Oxford Handbook of Food, Politics, and Society

    Full details

    Authors & editors

    Herring, Ronald J

    Publisher Oxford University Press
    Year of publication 2014

    English (main text)

    Medium Book

    Economics & commerce > Feeding the World
    Arts, culture and heritage > The role of women


    Climate change
    Feeding the world

    Scope & contentPublisher:
    This book explores the complex interrelationships between food and agriculture, politics, and society. More specifically, it considers the political aspects of three basic economic questions: what is to be produced? how is it to be produced? how it is to be distributed?

    It also outlines three unifying themes running through the politics of answering these societal questions with regard to food, namely: ecology, technology and property. Furthermore, the book examines the tendency to address the new organization of global civil society around food, its production, distribution, and consequences for the least powerful within the context of the North-South divide; the problems of malnutrition as opposed to poverty, food insecurity, and food shortages, as well as the widespread undernutrition in developing countries; and how biotechnology can be used to ensure a sustainable human future by addressing global problems such as human population growth, pollution, climate change, and limited access to clean water and other basic food production resources.

    The influence of science and politics on the framing of modern agricultural technologies is also discussed, along with the worsening food crisis in Sub-Saharan Africa, food security and food safety, and the relationship between gender inequality and food security. Other chapters deal with the link between land and food and its implications for social justice; the "eco-shopping” perspective; the transformation of the agrifood industry in developing countries; the role of wild foods in food security; agroecological intensification of smallholder production systems; and the ethics of food production and consumption.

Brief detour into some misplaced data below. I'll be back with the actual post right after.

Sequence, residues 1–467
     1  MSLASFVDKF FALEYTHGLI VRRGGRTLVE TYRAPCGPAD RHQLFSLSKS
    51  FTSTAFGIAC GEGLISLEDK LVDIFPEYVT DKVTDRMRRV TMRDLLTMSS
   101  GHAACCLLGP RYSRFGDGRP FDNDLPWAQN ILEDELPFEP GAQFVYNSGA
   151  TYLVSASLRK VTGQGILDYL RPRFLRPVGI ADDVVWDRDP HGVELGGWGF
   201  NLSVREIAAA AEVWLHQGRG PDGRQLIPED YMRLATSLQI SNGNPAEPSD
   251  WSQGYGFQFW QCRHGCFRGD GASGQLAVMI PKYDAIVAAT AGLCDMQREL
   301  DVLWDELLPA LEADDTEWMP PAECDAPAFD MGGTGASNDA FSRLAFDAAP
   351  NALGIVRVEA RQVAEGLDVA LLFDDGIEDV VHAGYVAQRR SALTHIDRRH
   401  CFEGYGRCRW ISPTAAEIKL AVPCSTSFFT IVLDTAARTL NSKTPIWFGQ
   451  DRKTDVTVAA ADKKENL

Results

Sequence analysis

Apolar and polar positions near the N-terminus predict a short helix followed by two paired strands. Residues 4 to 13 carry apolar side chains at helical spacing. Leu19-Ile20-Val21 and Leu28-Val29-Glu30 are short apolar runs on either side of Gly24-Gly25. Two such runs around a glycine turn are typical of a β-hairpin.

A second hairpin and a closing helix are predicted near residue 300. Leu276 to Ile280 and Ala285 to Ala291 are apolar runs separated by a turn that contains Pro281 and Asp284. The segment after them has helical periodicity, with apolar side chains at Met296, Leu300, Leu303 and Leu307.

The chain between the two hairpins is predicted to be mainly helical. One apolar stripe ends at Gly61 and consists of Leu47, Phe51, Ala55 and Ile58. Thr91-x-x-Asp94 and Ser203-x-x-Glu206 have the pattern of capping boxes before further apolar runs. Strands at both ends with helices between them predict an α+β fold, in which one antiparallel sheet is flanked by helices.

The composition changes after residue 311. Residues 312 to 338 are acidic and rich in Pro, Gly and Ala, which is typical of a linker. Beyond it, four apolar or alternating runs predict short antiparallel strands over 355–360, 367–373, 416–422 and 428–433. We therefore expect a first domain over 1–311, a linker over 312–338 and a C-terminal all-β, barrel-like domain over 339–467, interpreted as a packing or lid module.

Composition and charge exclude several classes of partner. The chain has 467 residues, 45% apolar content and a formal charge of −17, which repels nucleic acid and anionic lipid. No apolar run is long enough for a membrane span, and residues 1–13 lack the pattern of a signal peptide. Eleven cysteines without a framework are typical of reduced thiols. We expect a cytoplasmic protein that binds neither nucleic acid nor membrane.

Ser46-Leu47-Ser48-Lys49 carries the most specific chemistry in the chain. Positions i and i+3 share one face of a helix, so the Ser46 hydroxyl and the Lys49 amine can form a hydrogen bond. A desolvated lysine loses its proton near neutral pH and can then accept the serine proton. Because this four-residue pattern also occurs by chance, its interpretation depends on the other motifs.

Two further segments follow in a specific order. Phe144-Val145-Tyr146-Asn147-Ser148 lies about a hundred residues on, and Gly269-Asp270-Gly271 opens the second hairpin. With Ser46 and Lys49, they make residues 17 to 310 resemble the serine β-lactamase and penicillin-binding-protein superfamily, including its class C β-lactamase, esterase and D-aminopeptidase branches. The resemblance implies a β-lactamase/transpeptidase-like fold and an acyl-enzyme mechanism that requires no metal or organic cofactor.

Part I Production: Technology, Knowledge, and Politics
    Part II Normative Knowledge: Ethics, Rights, and Distributive Justice
    Part III Nature: Food, Agriculture, and the Environment
    Part IV Food Values: Ideas, Interests, and Culture
    Part V Global Meets Local: Contestations, Movements, and Expertise

    Copies held

    Accession no. 232340

    • Shelf location: D100-HER
    • Donor: Ron Cookson

    Divisions within this publication

    • 1: How is Food Political? Market, State, and Knowledge
    • 2: Science, Politics, and the Framing of Modern Agricultural Technologies
    • 3: Genetically Improved Crops
    • 4: Agroecological Intensification of Smallholder Farming
    • 5: The Hardest Case: What Blocks Improvements in Agriculture in Africa?
    • 6: The Poor, Malnutrition, Biofortification, and Biotechnology
    • 7: Biofuels: Competition for Cropland, Water, and Energy Resources
    • 8: Alternative Paths to Food Security
    • 9: Ethics of Food Production and Consumption
    • 10: Food, Justice, and Land
    • 11: Food Security, Productivity, and Gender Inequality
    • 12: Delivering Food Subsidy: The State and the Market
    • 13: Diets, Nutrition, and Poverty: Lessons from India
    • 14: Food Price and Trade Policy Biases: Inefficient, Inequitable, Yet not Inevitable
    • 15: Intellectual Property Rights and the Politics of Food
    • 16: Is Food the Answer to Malnutrition?
    • 17: Fighting Mother Nature with Biotechnology
    • 18: Climate Change and Agriculture: Countering Doomsday Scenarios
    • 19: Wild Foods
    • 20: Livestock in the Food Debate
    • 21: The Social Vision of the Alternative Food Movement
    • 22: Food Values Beyond Nutrition
    • 23: Cultural Politics of Food Safety: Genetically Modified Food in France, Japan, and the United States
    • 24: Food Safety
    • 25: The Politics of Food Labeling and Certification
    • 26: The Politics of Grocery Shopping: Eating, Voting, and (Possibly) Transforming the Food System
    • 27: The Political Economy of Regulation of Biotechnology in Agriculture
    • 28: Co-Existence in the Fields? GM, Organic, and Conventional Food Crops
    • 29: Global Movements for Food Justice
    • 30: The Rise of the Organic Foods Movement as a Transnational Phenomenon
    • 31: The Dialectic of Pro-Poor Papaya
    • 32: Thinking the African Food Crisis: The Sahel Forty Years On
    • 33: Transformation of the Agrifood Industry in Developing Countries
    • 34: The Twenty-First Century Agricultural Land Rush
    • 35: Agricultural Futures: The Politics of Knowledge